Panathenaea; the former was, at the time of his visit, about 65
years old, very white with age, but well favoured. Zeno was nearly
40 years of age, tall and fair to look upon; in the days of his
youth he was reported to have been beloved by Parmenides. He said that
they lodged with Pythodorus in the Ceramicus, outside the wall,
whither Socrates, then a very young man, came to see them, and many
others with him; they wanted to hear the writings of Zeno, which had
been brought to Athens for the first time on the occasion of their
visit. These Zeno himself read to them in the absence of Parmenides,
and had very nearly finished when Pythodorus entered, and with him
Parmenides and Aristoteles who was afterwards one of the Thirty, and
heard the little that remained of the dialogue. Pythodorus had heard
Zeno repeat them before.
When the recitation was completed, Socrates requested that the first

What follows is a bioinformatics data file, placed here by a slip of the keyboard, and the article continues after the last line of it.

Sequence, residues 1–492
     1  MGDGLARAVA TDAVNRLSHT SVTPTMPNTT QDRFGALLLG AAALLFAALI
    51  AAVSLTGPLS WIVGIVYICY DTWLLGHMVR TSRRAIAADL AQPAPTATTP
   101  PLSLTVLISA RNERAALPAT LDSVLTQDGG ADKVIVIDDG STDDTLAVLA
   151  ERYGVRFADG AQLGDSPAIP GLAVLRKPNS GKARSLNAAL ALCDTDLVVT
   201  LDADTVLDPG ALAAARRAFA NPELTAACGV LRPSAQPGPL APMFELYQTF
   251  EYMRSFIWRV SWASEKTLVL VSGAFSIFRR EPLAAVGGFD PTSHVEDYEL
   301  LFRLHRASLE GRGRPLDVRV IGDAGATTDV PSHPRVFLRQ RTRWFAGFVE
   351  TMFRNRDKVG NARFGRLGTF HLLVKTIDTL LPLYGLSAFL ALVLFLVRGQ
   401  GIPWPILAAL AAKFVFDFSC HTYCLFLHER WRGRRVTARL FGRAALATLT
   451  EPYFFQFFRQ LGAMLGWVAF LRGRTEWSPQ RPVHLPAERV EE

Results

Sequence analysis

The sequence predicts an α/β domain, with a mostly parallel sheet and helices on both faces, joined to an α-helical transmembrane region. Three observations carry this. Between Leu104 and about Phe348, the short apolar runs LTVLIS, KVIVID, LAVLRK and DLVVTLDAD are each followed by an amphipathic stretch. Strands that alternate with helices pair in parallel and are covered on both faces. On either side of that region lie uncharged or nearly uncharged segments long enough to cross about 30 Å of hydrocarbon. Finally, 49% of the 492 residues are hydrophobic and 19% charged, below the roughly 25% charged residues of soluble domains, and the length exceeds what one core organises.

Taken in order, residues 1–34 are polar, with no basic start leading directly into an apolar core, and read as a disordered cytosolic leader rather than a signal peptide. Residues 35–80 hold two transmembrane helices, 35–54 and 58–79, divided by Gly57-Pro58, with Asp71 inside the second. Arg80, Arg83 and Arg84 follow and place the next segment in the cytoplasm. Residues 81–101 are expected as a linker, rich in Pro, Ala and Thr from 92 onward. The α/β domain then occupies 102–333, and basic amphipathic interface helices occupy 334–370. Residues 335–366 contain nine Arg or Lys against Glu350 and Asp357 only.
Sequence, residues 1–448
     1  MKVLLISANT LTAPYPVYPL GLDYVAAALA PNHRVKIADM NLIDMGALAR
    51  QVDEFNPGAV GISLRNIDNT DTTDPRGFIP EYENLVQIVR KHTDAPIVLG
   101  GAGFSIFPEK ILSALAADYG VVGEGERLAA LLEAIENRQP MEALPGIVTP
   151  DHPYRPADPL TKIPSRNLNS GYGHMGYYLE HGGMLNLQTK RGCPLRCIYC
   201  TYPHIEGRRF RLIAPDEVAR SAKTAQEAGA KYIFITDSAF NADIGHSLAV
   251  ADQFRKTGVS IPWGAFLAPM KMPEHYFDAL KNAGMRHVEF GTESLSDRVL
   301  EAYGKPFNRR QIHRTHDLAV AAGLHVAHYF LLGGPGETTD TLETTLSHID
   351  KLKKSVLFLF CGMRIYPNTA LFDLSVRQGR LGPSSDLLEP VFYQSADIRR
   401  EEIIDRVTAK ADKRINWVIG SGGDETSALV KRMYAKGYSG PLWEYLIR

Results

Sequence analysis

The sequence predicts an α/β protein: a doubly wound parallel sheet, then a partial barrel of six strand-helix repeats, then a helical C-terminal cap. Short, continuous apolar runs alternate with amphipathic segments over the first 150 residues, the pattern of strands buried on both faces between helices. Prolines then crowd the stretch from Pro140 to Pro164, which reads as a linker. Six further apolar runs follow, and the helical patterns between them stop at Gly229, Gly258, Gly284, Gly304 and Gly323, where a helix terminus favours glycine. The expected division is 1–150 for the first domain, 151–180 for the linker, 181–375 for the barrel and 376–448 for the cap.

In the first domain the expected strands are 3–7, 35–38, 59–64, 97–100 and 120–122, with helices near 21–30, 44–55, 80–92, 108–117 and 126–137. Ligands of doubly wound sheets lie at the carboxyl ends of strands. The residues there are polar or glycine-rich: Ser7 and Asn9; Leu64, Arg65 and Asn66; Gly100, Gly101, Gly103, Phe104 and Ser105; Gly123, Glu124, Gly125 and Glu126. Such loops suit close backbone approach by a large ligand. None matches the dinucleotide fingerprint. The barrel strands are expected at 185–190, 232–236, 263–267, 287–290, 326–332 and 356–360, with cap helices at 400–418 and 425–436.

thesis of the first argument might be read over again, and this having
been done, he said: What is your meaning, Zeno? Do you maintain that
if being is many, it must be both like and unlike, and that this is
impossible, for neither can the like be unlike, nor the unlike like-is
that your position?
Just so, said Zeno.
And if the unlike cannot be like, or the like unlike, then according
to you, being could not be many; for this would involve an
impossibility. In all that you say have you any other purpose except
to disprove the being of the many? and is not each division of your
treatise intended to furnish a separate proof of this, there being
in all as many proofs of the not-being of the many as you have
composed arguments? Is that your meaning, or have I misunderstood you?
No, said Zeno; you have correctly understood my general purpose.
I see, Parmenides, said Socrates, that Zeno would like to be not
only one with you in friendship but your second self in his writings
too; he puts what you say in another way, and would fain make
believe that he is telling us something which is new. For you, in your